Monday, April 15, 2013

Mind-body problem and the definition of identity

To: Joe H.
From: Geoffrey Klempner
Subject: Mind-body problem and the definition of identity
Date: 25th November 2009 12:54

Dear Joe,

Thank you for your email of 18 November, with your second essay for Pathways Philosophy of Mind, in response to the question, 'What is Identity? What is the relevance of a definition of 'identity' to the problem of the relation between mind and body?'

I understand your frustration with the 800 word limit. This was actually created as a liberating device, to enable students who would otherwise have difficulty 'composing an essay' to set themselves an achievable target. However, I also happen to believe that 800 words is -- or can be, when effectively deployed -- a beautiful format. It is no accident that the target length for my replies is the same 800 words.

You have tried to pack in as much as possible, but you could have helped yourself by focusing more closely on the question itself. We are not concerned with evaluating particular mind-body theories but rather with laying out the ground rules for the debate over the question of identity.

What is identity? I know that Leibniz Law is often trotted out as 'the' definition of identity, but it has an inherent problem. The biconditional x=y <-> (F)(Fx <-> Fy) splits into two principles, the Identity of Indiscernibles (reading right to left) and the weaker reading of Leibniz Law (reading left to right). On the weaker reading, if x=y then all and only properties of x are properties of y. Whereas the Identity of Indiscernibles is only remotely plausible if we include spatial location as a 'property', which effectively begs the question.

What does this mean for mind-body identity theories? We can only use the weaker version of Leibniz Law, which merely gives the consequences of an identity statement. However, consider Kolakowski's statement about my ear and the moon (you can find the quote at Follydiddledah http://www.follydiddledah.com/image_and_quote_4.html together with a nice illustration).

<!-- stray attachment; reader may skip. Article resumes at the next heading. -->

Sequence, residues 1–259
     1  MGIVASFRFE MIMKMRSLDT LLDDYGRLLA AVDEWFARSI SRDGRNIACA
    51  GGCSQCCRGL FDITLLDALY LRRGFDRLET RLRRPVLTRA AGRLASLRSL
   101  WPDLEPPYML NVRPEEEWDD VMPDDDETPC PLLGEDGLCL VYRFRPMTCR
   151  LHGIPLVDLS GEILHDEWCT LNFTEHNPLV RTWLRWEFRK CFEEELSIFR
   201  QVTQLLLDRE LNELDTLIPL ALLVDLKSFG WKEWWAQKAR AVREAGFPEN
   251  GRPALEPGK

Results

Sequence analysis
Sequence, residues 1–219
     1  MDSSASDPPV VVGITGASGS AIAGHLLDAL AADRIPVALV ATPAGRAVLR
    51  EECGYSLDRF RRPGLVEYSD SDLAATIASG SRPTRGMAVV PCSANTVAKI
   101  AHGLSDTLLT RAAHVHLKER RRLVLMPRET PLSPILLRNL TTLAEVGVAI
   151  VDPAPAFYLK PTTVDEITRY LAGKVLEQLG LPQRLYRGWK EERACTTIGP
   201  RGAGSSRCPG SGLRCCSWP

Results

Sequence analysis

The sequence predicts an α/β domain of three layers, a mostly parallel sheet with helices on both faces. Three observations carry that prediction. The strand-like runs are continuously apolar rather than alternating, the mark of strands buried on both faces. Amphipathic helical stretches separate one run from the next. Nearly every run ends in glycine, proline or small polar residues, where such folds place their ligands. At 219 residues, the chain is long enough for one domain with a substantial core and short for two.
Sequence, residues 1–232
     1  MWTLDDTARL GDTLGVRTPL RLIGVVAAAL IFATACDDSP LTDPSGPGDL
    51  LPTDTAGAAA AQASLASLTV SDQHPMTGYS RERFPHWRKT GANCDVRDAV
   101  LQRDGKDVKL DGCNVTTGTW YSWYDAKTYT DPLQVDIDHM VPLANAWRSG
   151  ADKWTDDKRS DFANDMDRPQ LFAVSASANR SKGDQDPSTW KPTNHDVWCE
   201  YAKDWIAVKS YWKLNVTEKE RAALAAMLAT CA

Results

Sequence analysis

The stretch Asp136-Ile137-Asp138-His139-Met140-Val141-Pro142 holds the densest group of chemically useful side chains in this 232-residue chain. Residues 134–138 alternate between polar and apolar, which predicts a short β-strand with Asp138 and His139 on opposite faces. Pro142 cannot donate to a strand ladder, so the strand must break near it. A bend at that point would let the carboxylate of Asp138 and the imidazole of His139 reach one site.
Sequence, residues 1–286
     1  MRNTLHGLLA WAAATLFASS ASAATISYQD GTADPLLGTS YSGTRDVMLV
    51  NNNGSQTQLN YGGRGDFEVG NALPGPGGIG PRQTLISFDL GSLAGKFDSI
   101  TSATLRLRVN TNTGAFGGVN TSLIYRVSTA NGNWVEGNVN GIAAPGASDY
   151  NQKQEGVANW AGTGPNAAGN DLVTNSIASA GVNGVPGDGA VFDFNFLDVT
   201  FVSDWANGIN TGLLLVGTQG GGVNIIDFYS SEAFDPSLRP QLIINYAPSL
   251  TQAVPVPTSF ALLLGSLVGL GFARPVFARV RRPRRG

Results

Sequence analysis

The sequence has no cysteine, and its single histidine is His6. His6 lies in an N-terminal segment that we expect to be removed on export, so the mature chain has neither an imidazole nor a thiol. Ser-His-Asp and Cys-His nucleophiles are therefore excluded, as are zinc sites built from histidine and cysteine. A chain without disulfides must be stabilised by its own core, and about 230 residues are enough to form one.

I claim that my ear IS identical with the moon. 'How come,' you say. 'What I mean is that in 1969, Neil Armstrong walked on my-ear-and-the-moon, the annoying hairs which grow on my-ear-and-the-moon need trimming regularly, and so on.'

This is really no different from what Armstrong and Smart are doing, metaphysically speaking. Two things are always two things, however hard one tries to push them together. Using the magic word 'identity' gets you nowhere.

So the next question is, What more is needed to explain identity, if Leibniz Law (on the weaker reading) won't suffice? This is where one gets to talk about the nature of particulars, the role of identity over time, and the difference between existing particulars and events.

We also get to look at so-called 'property identity': are we still talking about identity here? Properties can be co-extensional, determining the same set, or (in some sense) necessarily co-extensional. For Armstrong and Smart, the attraction of type identity (property identity) is that it entails token identity. If earache IS 'stimulation of c-fibres' then THIS earache is an actual, physical process going in in my brain, nothing more.

I've heard it said that you can have a kind of property identity, in a weaker sense which does not imply token identity of either particulars or events. So if you are keen on preserving intuitions about qualia, you can keep these and also sound respectably 'materialist' in your talk of mind. This looks like a cop-out to me.

So we are back to the question, what IS identity? If Leibniz Law only gives the consequences of identity then we need to focus on how particulars are picked out and identified, at a time or over time. And this is where the whole issue of 'qualia' or 'private objects' arises because if you have gone so far to 'pick out' a quale or a private object then (as I would argue) it is too late to make claims about identity.

Some would object to this as inserting an unacceptable epistemological bias into logic. But logic has to be applied to the world otherwise it is toothless. (For more on this topic see David Wiggins 'Sameness and Substance' Blackwell.)

Kripke is central because he identifies the key aspect of the notion of qualia which is relevant to the mind-body question: the idea that my knowledge of my quale is 'de re' rather than 'de dicto'. It is direct, unmediated by a description; in any possible world it could not be anything but what it is.

On the general topic of types and tokens in relation to the mind-body problem, I would advocate abandoning the confusing terminology of 'types' and 'tokens' and concentrate on the question of identity.

Consider the world of abstract objects. Is the five, as Frege believed, an entity? Does 5 exist as an abstract object? That's a meaningful question. It is clear what the difference is between regarding 5 as a second-order property defined in predicate calculus, and regarding 5 as existing in its own right as an entity with an identity. Talk of 'tokens' and 'types' has a role only in relation to mathematical symbolism -- names for numbers -- not for numbers in themselves.

All the best,

Geoffrey